Terminator 2: Judgment Day - Skynet Edition Review

Do you really need to hear my thoughts on T2? What can you possibly be expecting me to say that you haven’t read or heard a hundred different times before? You wanna hear it? Fine. Here it is.

Terminator 2: Judgment Day
is a landmark achievement. For an action movie, in an era of countless action movies every month, to win four Oscars and garner the critical acclaim it did was unheard of. James Cameron’s The Terminator had been a well-received, pulpy success, immensely popular on video and I’m sure an enormous factor in the long life of video in general. Of course it needed a sequel. After T2 came out on July 3rd, 1991, movies literally wouldn’t be the same again. You could say that for, really, only a few films. T2’s visual effects more than deserved every accommodation they received, and not just for the advances in the computer technology; what makes the visual experience of T2 ultimately work is the finely crafted fusion of digital effects and what’s actually being shown onscreen.

The film draws you in early with simple things like the burns on the fence being a perfect circle like the digital bubble that created it, but soon you start to be completely overwhelmed with storytelling genius. In scenes like Sarah’s dream sequence (cut from the theatrical version of the film), Cameron seamlessly blends sequences of intense, flawlessly constructed character drama with depictions of apocalyptic atrocities. This is what gives the effects their real bite; sure the terminator endoskeletons are miraculously designed pieces, but they’re only menacing because you feel for every human character you’re meant to. When you see the scenes early on of the war, the complexity of what you’re looking at is impossible to gauge. You’ve got the digital lasers [still somewhat complex effects for this time period], but the thing that makes them believable and threatening is the practical fire effect the lasers create. Purple beams of light killing people could come off really bad in most movies, particularly most movies made before the mid-90s, but Cameron sells them through exasperatingly detailed, perfectionist filmmaking - much like all other aspects of the film.

That really is why Cameron’s one of my favorite directors – The Abyss is in my top five films of all time because of its majestically poetic character drama, not because it’s got aliens and other cool shit underwater. But just a few years before that Cameron had made Aliens, which remains even today one of the most pitch-perfect action films ever made, literally building and building nonstop to a cataclysmic, planetary eruption of biblical proportions… and then its climax shows up. Cameron is perhaps the only filmmaker of the last few decades who can earn the 18 Oscars his films have garnered while still making films that seem to reach universal acclaim and instantaneous classic status. Terminator 2 is nowhere near Cameron’s masterpiece, but to deliver it anything lower than a near-perfect or perfect score is downright criminal.

The Blu-ray Video

So, do you buy T2 again? Well, let’s get a few things clear: First off, I have read reports of large-scale Digital Noise Reduction (a controversial technique these days - read up on it if you care at all) used in the Terminator 2 Skynet Edition Blu-ray. If you’re an image purist, this may bother you, but I looked and looked for it while watching the film and I honestly wasn’t drawn away from the film once. Watching this gorgeous, rich transfer was like seeing the film for the first time. Blues are colder and icier, earth tones have never been more lifelike and the dark orange and black hue the film exhibits in its final sequences seems totally wondrous.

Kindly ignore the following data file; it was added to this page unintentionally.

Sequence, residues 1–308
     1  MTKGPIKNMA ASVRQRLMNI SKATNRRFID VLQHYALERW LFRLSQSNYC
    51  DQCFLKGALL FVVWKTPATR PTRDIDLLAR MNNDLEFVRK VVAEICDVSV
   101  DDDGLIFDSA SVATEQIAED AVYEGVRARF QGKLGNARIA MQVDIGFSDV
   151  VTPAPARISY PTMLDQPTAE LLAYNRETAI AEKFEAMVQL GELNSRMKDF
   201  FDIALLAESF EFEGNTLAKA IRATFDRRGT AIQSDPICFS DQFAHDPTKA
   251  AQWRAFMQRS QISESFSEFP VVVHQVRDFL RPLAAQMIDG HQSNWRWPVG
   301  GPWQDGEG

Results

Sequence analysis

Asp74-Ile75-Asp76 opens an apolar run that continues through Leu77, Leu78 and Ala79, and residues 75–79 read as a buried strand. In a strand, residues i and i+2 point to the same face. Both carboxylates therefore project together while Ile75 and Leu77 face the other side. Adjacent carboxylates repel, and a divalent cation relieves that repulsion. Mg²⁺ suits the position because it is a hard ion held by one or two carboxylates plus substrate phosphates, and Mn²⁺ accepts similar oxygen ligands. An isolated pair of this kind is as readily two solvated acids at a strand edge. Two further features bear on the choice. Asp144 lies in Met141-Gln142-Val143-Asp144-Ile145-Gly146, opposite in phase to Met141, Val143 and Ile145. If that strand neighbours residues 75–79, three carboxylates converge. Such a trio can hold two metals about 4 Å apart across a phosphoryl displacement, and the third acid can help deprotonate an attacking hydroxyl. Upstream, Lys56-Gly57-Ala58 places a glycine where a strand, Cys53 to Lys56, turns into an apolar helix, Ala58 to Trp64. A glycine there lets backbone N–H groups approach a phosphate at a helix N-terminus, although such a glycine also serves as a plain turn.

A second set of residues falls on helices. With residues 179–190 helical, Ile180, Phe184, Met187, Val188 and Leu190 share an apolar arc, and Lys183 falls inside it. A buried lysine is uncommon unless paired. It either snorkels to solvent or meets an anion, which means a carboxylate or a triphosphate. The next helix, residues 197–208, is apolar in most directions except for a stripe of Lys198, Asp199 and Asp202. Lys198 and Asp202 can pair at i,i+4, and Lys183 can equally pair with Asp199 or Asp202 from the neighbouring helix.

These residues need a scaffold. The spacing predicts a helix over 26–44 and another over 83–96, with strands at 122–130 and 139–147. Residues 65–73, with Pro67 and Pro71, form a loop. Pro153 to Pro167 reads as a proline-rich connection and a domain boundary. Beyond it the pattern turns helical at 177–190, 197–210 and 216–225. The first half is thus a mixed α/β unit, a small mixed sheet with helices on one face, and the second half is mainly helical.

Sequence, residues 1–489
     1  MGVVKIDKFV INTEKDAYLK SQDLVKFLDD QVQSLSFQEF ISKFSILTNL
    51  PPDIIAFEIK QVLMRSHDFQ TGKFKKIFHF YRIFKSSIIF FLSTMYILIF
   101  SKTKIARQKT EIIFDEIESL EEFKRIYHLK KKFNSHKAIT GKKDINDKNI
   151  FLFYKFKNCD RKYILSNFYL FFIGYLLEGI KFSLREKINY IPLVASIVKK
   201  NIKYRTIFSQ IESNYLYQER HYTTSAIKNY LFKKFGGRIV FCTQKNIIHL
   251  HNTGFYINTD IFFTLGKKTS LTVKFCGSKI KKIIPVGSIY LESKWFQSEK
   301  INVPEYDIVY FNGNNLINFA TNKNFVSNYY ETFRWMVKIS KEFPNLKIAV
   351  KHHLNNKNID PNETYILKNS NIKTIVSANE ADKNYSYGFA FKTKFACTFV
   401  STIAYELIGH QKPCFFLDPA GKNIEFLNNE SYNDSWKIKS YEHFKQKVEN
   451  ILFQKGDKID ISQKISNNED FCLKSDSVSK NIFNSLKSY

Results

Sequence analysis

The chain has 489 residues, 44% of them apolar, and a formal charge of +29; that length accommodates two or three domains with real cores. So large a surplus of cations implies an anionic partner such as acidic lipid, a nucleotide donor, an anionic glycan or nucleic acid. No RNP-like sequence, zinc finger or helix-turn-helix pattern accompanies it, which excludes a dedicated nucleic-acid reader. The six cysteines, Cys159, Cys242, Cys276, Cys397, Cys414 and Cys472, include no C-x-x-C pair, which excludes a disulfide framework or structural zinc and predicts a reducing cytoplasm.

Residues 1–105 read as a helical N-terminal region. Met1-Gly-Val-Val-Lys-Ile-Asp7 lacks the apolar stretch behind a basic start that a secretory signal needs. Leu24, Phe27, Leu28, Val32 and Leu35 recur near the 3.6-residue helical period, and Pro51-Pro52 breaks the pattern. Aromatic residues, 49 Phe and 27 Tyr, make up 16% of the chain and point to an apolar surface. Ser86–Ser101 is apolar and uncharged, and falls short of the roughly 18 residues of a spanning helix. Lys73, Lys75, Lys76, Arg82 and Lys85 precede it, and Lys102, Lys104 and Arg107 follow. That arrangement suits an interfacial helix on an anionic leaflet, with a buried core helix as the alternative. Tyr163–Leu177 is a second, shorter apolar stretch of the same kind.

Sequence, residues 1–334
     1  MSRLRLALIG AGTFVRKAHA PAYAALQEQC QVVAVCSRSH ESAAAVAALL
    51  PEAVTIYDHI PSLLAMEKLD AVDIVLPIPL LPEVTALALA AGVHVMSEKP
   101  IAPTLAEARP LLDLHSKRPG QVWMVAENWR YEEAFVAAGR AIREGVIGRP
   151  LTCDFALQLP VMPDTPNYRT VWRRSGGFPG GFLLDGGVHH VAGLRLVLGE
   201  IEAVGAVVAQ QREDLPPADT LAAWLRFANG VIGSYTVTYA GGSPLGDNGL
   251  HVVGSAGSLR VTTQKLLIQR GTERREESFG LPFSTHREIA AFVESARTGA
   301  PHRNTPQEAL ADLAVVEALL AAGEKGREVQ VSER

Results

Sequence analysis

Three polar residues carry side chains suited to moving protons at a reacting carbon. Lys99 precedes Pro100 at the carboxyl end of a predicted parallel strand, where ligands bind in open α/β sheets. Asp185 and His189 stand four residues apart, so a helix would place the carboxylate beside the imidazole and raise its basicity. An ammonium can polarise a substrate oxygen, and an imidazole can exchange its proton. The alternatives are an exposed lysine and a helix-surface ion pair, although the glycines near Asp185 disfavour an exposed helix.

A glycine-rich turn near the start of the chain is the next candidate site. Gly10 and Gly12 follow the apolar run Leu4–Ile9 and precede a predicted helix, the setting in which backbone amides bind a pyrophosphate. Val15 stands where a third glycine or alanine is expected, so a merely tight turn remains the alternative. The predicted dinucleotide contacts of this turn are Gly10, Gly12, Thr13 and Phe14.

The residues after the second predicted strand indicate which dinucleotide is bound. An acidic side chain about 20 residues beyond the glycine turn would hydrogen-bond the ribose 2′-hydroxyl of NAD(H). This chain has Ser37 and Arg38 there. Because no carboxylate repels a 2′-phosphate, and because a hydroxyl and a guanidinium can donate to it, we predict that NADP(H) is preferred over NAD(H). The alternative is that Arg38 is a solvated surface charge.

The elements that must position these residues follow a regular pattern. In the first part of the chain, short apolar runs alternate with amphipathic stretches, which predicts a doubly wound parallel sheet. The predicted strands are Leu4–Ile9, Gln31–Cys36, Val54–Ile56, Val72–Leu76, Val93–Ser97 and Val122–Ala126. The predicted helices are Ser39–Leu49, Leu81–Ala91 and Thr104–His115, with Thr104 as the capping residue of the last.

The Blu-ray Audio

Man, oh man, are you guys in for something awesome.

Blu-ray Bonus Features

In addition to the BD-Live features during the film, which include behind the scenes footage, games, quizzes, and storyboard and script galleries, there are two main features here - both of them commentaries. The first is with Cameron and co-writer William Wisher, and the second cuts around between a whopping 26 people involved in the production. I should tell you that I personally hate these types of strewn together commentaries, but both of these tracks are recommended.

Final words:

If you’ve owned T2 before (and, if you haven’t, that's a mistake), whether it be on an old worn out VHS taped off of HBO back in ’93, or on one of the several standard definition and high definition digital formats over the years, I’d still recommend picking up this new release. It definitely won’t be the last release of the film, and certainly not on this format, but for now it's far and away the best option. If you've held out for a few years waiting for something awesomer than what existed, it may be the time to simply put the money down and enjoy it. There's no telling how long you could be waiting for another, better, high-def release of Terminator 2.

"Terminator 2: Judgment Day - Skynet Edition" is on sale May 19, 2009 and is rated R. Action, Sci-Fi. Directed by James Cameron. Written by James Cameron, William Wisher Jr.. Starring Arnold Schwarzenegger, Edward Furlong, Linda Hamilton, Robert Patrick, Xander Berkeley.

Saul Berenbaum

I feel that movies can be great in many ways. I feel that a great movie could be an artistic masterpiece or a guns-a'blazin' roller-coaster, pure magic or pure camp. There is another type of film, which I detest more than those which are horrible - Those which are mediocre, unremarkable.


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